She posted an Instagram video of herself twerking on Monday.
But despite her incredible figure and obvious body confidence, Ashley Graham is ‘not convinced’ there will ever be a time when women aren’t self-conscious about their bodies.
The 29-year-old model admits that she has days where she ‘feels fat’, and doesn’t believe there will be a time when ‘every woman’ wakes up and ‘feels like a million dollars’.
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Working it: She captioned the video, which promoted her tie-in with Revlon, ‘Revlon’s Kiss Plumping Lip Crème, Lemon Dance Challenge, Live Boldly’
She said: ‘There are some days I feel fat. I’m not convinced there’s going to be a moment where every woman in the world wakes up and feels like a million dollars. So, what I want to do is give women the tools that will help when those moments come up. Sometimes it can be as easy as telling yourself that you are beautiful.’
But the Sports Illustrated model refuses to ‘let a little cellulite’ hinder her happiness, and says she is largely inspired by the ‘positive’ outlook that her mother always has.
She added: ‘My mom is the most positive person. She has always had a smile on her face no matter what came her way. After seeing that, I’m not going to let a little cellulite get in the way of my happiness!’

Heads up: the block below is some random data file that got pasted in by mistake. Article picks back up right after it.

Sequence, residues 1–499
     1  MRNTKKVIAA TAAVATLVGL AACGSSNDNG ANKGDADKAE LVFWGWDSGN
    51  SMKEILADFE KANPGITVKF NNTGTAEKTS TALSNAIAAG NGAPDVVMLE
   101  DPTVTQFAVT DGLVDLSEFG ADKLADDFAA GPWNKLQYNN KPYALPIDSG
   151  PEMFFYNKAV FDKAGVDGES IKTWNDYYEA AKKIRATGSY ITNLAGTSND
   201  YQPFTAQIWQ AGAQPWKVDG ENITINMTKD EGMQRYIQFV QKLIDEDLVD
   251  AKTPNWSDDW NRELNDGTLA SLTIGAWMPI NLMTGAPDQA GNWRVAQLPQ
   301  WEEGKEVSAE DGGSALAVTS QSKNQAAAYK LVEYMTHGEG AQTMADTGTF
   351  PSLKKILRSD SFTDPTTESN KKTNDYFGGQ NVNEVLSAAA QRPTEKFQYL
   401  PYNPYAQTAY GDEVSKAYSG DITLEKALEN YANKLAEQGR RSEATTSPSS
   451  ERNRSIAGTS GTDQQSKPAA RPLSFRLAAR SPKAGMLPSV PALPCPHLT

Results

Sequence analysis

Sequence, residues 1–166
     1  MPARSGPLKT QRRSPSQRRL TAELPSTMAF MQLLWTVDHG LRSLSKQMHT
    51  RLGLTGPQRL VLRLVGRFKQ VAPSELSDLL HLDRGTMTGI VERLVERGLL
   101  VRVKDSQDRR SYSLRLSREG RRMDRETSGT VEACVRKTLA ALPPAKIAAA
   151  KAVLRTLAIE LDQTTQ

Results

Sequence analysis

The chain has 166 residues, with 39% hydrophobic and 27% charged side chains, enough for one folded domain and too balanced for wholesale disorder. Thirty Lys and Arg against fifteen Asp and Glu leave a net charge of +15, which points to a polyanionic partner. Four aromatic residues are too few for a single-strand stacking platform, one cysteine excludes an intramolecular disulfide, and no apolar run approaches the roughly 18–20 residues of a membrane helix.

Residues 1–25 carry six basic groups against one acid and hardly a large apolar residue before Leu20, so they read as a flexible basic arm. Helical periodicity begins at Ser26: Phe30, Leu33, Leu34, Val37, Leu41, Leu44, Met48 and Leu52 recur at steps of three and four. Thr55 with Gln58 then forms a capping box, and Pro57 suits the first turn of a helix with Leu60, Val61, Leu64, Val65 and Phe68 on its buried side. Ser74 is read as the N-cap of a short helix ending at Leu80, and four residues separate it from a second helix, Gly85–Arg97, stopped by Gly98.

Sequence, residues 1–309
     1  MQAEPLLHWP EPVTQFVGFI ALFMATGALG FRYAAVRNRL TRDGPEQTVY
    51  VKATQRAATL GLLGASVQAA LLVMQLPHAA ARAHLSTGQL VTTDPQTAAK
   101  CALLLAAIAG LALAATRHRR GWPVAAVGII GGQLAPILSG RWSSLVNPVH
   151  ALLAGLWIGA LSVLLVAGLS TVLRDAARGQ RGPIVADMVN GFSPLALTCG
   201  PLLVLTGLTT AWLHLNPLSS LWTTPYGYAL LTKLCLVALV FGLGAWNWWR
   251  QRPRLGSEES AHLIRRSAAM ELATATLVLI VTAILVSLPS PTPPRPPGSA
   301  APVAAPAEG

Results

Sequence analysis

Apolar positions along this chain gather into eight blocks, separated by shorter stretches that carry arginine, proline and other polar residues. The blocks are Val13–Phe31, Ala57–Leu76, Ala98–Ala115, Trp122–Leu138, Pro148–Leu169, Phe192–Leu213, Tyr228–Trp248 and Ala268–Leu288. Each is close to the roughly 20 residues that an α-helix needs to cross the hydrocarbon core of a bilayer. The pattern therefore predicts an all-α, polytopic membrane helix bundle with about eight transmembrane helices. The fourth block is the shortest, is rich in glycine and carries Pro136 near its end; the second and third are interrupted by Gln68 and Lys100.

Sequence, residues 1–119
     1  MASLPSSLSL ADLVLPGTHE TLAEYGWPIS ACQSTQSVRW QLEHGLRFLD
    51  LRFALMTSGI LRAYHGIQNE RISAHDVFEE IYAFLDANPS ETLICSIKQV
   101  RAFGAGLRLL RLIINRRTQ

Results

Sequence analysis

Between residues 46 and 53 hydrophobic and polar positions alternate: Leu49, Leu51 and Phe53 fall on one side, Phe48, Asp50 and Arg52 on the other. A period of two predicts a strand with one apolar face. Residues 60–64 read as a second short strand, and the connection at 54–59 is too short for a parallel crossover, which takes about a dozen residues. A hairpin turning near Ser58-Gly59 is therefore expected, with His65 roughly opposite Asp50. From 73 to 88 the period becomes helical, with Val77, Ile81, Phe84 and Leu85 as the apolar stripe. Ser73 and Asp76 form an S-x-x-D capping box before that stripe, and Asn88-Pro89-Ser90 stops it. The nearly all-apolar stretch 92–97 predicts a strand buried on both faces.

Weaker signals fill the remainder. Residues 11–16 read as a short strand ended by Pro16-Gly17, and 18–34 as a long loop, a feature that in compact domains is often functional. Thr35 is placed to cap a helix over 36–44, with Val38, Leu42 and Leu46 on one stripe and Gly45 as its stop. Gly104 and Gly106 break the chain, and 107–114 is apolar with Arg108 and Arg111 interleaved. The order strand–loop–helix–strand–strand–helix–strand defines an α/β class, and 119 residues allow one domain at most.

And Ashley is determined to help other women ‘be happy and thrive’ in their own skin, and has urged women everywhere to ‘support each other’.
She told the June/July issue of StyleWatch magazine: ‘Support each other. In the modelling industry, one woman is great, but in order to make a major change, you need a group of models supporting each other. At the end of the day, I just want to help other women be happy and thrive. And that’s what I want for myself too.’
Meanwhile, Ashley previously admitted she was ‘disgusted’ by her curvaceous figure when she was a teenager.
Asked when she became accepting of her figure, Ashley explained: ‘It would be so much easier to be like, ‘This is the date, time, and experience I had,’ but there really isn’t one. It was more about experiences in my life of devaluing the fact that I was an average, normal girl living in the city.
‘But being told, ‘You’re fat,’ ‘You’re ugly’ or ‘You’re just not good enough,’ and trying to live in these model standards, that was my normal.
‘I think I hit bottom around 18. I was disgusted with myself and told my mom I was coming home. And she told me, ‘No, you’re not, because you told me that this was what you wanted and I know you’re supposed to do this. It doesn’t matter what you think about your body, because your body is supposed to change somebody’s life.’